Ethnicity:  Based on the matrilineal structure of the Abiriba people, A non- Abiriba  woman who is married in Abiriba is regarded as not just a man’s wife but also his relative, therefore she becomes part of her husband’s kith and kin and is expected to partake in the inheritance process at the demise of her husband over the Abiriba woman but truth be told when push comes to shove, she is told she is “Onye Mba ” (Outsider) and most times is disinherited. It should be noted that in some cases where a man’s family has some level of conscience, The “ outsider’s” children are given preference unlike an Abiriba woman’s children.

Economic Capability: A widow who is financially stable and capable of meeting her needs and that of her children do not feel the brunt of disinheritance unlike her counterpart who has nothing going for her . Being financially capable though does not make the brunt of disinheritance easier to bear.

Childbearing Capability: Being able to have a child in marriage has little or no significance in inheritance. Just like previous factors, the widow has nothing to gain, in most cases one would expect a childless widow to be shown the door at the demise of her husband but she is left to live peacefully except in cases where she may be sent packing if it was noted she was never at peace with her husband and her inlaws prior to his death.


The Role Of The “ADANNEs” In Marriage and Inheritance

The ADANNEs are usually a man’s female siblings and sometimes female cousins. They wield a lot of influence on a man’s decisions in a bid to safeguard their interests because based on the matrilineal structure  of the Abiriba people, they, combined with their males are the rightful heirs to a man’s estate. They would never blink at making a woman uncomfortable in her matrimonial home just to protect their interests.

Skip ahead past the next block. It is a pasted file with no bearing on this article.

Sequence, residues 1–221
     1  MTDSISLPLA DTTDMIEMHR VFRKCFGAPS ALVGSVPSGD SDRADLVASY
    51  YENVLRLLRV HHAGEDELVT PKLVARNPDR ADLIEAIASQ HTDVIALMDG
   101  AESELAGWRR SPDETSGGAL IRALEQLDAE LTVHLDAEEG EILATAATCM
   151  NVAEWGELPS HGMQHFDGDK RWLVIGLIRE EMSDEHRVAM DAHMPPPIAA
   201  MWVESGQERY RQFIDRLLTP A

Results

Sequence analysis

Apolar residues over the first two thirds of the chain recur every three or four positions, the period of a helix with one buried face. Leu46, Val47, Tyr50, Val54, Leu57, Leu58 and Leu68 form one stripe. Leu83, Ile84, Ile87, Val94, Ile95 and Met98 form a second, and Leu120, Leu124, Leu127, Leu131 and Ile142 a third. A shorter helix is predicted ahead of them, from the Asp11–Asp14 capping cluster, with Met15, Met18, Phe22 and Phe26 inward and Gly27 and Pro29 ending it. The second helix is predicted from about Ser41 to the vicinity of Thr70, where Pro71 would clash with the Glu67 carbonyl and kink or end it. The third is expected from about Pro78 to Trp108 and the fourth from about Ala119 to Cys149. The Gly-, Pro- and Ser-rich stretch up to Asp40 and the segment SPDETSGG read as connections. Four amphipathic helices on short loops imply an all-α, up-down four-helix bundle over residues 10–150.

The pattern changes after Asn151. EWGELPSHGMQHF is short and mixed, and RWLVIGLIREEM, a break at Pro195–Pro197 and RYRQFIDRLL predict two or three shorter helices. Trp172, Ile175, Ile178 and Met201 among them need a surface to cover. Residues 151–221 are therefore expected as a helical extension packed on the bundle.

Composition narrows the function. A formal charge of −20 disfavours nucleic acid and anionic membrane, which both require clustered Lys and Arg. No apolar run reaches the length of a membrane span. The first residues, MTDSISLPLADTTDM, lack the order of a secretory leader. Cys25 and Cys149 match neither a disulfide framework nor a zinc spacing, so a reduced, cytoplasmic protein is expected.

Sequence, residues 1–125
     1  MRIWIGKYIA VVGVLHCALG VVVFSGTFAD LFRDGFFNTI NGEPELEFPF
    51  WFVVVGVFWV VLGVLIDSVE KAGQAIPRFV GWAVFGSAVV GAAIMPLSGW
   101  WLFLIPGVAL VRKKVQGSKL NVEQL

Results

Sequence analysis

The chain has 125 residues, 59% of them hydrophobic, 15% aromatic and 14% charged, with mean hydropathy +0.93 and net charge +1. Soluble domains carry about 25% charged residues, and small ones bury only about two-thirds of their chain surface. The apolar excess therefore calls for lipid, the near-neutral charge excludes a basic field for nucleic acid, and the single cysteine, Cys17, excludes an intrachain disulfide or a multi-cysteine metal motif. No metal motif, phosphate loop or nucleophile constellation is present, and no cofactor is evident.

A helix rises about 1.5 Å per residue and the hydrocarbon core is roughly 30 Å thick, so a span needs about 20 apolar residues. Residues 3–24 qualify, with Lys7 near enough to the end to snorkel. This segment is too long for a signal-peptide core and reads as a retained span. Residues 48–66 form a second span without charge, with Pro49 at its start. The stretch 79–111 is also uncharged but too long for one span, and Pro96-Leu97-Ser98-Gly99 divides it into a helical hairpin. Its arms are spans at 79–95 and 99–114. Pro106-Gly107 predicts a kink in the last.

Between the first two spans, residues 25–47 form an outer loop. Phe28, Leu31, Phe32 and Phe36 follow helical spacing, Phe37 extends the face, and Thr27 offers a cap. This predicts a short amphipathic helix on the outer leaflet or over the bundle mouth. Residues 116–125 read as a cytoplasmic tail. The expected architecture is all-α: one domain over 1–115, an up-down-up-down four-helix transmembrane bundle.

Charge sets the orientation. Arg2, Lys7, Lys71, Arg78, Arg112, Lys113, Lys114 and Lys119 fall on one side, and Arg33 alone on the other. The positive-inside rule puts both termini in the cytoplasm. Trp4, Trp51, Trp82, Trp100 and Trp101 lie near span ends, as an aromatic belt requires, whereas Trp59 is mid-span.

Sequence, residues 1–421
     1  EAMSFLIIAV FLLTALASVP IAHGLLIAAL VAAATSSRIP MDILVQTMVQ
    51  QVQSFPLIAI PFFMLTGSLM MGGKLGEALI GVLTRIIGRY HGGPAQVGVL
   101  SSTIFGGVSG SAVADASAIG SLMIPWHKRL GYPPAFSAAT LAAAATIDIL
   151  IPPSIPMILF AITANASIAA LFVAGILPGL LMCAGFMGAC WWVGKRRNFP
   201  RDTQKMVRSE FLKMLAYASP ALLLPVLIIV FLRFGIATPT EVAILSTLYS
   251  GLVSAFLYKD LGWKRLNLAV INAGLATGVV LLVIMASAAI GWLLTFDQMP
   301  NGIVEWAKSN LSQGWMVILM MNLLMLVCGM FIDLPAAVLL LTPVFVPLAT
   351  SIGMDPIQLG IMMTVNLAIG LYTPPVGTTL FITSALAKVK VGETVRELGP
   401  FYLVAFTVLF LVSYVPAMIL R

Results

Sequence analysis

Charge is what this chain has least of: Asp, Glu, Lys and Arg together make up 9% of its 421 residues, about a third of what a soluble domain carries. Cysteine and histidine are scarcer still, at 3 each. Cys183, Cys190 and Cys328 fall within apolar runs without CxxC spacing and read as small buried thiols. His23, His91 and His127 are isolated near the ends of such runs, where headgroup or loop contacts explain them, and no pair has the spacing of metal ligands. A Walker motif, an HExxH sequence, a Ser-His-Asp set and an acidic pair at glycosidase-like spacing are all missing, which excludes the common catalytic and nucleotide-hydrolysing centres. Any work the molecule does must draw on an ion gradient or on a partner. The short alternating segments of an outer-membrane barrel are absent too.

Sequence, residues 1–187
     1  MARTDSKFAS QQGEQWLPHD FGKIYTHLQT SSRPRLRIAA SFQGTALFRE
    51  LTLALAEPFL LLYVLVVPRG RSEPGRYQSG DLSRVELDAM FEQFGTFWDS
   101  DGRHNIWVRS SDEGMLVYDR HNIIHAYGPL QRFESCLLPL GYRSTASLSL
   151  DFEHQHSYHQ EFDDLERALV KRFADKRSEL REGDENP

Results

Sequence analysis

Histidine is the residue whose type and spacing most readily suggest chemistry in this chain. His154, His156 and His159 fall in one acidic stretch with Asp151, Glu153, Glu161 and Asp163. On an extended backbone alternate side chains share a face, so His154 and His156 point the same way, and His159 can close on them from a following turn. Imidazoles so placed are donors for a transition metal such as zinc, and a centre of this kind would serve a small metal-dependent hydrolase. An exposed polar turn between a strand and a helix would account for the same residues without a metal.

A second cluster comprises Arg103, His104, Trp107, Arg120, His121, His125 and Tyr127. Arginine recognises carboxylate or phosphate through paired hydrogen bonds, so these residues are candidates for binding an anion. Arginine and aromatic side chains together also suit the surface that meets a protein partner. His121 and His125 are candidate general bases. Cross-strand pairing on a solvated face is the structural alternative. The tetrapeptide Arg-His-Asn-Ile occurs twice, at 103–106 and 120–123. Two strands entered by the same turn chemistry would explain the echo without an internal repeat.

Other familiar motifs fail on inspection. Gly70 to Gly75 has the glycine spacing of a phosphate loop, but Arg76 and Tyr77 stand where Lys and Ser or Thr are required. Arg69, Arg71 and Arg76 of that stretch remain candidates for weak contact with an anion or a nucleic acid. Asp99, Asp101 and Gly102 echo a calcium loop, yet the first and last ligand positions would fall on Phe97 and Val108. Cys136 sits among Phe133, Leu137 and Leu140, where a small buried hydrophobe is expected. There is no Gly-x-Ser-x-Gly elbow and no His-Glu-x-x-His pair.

My findings were heartbreaking to say the least but one thing I took away from that experience was that women are the beginning and the end of their problems. How you may ask?
A typical Abiriba woman is born into the knowledge to never expect to inherit therefore she must strive towards being independent, strong and able to withstand any adversity, at worst fall back on her own family. The day widows would stop being disinherited would be the day women decide to speak up collectively.

It is worthy of note that over the past decade, there is an emerging crop of men who are educated and are aware of the significance of leaving behind a protected estate for their widows and children in form of IRONCLAD WILLS which relatives would not be able to contest.

In summary, in as much as a culture portrays a people’s way of life which must be adhered to at all times, same time every culture is subject to change and is being eroded on a daily basis, nothing is ever cast in stone. I believe some day we’ll get to that level where a widow would be able to reap from the labour she toiled so hard with her spouse, till then arm your selves through education, jobs, and skill sets.


10 comments:

  1. Brilliant. I personally think a campaign against the ill treatment of widows by families should commence. Well done CrunchyApple, always illuminating reading your blog. Keep it up darling!

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  3. Well researched. Widows certainly deserve better.